Massive water interruptions awaits Blantyre: Major rehabilitation works at Shire Walker’s Ferry

Blantyre residents should brace for tough times starting January till March 2014 as Blantyre Water Board (BWB) embarks on a massive rehabilitation work at its Walker’s Ferry Pumping Station.

For three months residents of the commercial city as well as Blantyre rural will for the most part have little or no water as supply will be interrupted due to BWB’s multi-million rehabilitation works aimed at dealing with the persistent water shortages.

BWB Chief Executive Officer (CEO), Andrew Thawe, told journalists on a tour to the pumping station after the rehabilitation works there will be enough water for the customers during the next five years.

“We are appealing to Blantyre resident to bear with us during the rehabilitation works which will include upgrading the Walker’s Ferry and Chileka Pumping Station.

“The rehabilitation will ensure that there is enough water to meet consumers’ demand for the next five years. During this period Blantyre residents will experience serious water interruptions,” explained Thawe.

He said the interruptions in water supply will be as a result of some old equipment being removed to be replaced with new ones.

The works will include replacement of pumps, motors and all accessories in the pumping halls to upgrade production capacity from the current 74,400m3 /day to 96,000m3/day.

The rehabilitation will also include rehabilitation of the twin pipelines, according to Thawe who hinted that most of the major equipment and goods for the project have already been delivered.

“The project scope mainly includes improvement of operational efficiency and implementation of investment programme that includes rehabilitation and renew of water production facilities at Walker’s Ferry,” he said, insisting that water supply to low-income areas will greatly improve at the end of the project.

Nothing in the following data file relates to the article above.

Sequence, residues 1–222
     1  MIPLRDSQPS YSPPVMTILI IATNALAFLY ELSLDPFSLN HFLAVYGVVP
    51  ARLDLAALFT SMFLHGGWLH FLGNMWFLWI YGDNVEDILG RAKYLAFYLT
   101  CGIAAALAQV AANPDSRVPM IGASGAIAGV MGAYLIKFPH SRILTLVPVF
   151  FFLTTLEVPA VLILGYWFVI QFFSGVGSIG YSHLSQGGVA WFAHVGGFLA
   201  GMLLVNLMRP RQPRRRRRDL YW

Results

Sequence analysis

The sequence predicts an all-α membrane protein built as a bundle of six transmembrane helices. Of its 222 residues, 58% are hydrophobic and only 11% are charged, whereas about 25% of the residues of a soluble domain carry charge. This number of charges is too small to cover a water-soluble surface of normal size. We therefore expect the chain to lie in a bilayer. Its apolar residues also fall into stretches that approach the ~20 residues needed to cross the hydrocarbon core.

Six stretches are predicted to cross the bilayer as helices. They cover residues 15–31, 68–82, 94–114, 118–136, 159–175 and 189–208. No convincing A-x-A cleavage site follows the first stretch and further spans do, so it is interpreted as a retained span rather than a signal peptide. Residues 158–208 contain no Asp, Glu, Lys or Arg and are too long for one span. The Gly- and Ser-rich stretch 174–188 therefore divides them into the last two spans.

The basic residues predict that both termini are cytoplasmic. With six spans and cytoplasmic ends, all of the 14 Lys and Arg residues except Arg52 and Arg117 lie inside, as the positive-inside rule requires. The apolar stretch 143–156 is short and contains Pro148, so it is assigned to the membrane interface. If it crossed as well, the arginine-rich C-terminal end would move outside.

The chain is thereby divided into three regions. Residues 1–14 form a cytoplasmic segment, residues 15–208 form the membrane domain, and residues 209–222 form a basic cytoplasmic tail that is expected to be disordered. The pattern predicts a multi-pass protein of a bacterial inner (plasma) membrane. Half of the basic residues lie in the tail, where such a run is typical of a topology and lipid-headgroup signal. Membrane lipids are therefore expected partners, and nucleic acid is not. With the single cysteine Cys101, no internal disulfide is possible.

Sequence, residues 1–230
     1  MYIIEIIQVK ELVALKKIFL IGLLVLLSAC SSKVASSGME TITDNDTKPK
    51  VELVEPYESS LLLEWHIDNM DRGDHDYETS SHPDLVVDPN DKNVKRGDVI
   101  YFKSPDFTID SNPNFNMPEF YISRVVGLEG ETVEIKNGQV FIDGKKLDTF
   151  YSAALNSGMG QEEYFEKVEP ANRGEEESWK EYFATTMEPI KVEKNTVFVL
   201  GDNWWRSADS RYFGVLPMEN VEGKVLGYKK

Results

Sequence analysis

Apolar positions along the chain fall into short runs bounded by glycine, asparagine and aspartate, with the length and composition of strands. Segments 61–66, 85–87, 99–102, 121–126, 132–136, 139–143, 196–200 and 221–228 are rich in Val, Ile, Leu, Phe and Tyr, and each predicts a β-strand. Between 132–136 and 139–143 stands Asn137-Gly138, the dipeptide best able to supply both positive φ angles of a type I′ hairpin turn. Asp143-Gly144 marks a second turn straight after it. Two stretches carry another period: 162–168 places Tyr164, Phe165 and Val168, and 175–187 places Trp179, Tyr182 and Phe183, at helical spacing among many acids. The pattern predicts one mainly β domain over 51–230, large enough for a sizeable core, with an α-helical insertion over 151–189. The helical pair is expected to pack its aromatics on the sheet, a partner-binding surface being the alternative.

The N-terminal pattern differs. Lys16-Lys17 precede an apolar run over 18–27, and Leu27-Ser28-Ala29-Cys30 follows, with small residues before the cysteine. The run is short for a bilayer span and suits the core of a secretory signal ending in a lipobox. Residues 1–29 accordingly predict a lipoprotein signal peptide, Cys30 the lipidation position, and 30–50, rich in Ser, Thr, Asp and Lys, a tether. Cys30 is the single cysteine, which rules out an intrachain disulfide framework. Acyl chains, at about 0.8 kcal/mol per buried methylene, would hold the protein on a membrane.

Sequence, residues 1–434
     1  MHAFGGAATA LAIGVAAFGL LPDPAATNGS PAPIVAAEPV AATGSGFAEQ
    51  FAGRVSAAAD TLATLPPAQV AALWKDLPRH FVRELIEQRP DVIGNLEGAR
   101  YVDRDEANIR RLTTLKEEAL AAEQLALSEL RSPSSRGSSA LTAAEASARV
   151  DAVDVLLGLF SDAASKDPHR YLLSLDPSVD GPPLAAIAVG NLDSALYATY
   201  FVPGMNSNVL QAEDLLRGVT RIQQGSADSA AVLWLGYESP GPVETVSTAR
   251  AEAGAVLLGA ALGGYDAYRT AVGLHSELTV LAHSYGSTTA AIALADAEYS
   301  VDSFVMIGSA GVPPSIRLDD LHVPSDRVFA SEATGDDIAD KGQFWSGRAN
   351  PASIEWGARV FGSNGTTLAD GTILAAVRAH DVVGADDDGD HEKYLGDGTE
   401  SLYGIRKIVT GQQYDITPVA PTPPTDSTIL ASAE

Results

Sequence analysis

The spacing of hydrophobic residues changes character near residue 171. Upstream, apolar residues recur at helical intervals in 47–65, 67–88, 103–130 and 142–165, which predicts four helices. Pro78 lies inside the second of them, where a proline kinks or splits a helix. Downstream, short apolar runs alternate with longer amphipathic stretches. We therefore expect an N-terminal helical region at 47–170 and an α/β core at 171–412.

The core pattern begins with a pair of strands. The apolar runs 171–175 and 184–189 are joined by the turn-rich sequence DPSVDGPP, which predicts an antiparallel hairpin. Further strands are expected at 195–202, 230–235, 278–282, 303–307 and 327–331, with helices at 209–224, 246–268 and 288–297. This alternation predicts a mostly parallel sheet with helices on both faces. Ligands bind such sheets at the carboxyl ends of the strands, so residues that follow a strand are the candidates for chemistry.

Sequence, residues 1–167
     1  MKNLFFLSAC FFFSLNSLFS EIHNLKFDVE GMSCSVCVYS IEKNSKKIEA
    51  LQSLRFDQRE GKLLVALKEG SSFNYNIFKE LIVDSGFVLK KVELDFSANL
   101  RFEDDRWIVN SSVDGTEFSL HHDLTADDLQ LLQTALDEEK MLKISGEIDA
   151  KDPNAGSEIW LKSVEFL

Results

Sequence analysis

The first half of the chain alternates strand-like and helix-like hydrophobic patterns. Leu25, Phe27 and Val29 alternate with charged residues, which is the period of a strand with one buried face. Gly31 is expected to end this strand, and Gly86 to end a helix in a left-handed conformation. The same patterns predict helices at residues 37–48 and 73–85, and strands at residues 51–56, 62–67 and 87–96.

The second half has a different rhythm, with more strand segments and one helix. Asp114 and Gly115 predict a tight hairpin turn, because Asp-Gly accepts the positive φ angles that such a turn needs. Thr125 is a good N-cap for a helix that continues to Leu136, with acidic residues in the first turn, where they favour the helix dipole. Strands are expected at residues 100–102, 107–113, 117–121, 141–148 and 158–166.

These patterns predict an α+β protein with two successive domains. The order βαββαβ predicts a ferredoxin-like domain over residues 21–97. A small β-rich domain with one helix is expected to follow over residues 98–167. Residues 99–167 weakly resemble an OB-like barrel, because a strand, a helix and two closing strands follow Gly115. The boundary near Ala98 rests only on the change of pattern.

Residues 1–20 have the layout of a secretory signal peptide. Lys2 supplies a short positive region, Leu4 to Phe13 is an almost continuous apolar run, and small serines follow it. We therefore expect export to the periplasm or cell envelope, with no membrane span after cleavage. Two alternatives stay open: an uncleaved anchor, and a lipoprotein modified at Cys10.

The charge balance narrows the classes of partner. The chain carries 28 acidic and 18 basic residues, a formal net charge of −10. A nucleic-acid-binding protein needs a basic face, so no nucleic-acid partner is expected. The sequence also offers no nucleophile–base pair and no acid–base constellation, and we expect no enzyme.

BWB has also started construction of additional three storage reservoirs and associated appurtenances at Kameza, Chigumula and Chimwankhunda areas.

Thawe said with the increased production the idea is to have adequate storage so that supplying to areas that are currently not covered starts.

However, considering that the project will take long to be executed, BWB has lined up a number of short interventions to mitigate the problem.

For instance, BWB has been exploring ground water as well as surface water sources in some areas to pump to places that are already affected with the inadequacy of the Shire Walker’s Ferry source.

The exploration of ground water and surface water sources was already done in Mpemba, Lunzu, Nguludi, Bvumbwe, Kachere, Bangwe and Chilomoni.

Some of the projects already underway have been made possible with funding from the European Union and World Bank.

Currently, BWB faces many challenges like paying total electricity costs of lifting water from Shire River at Walker’s Ferry to Blantyre at an amount of M264 million per month which is about 55 per cent of the Board’s total operating costs.

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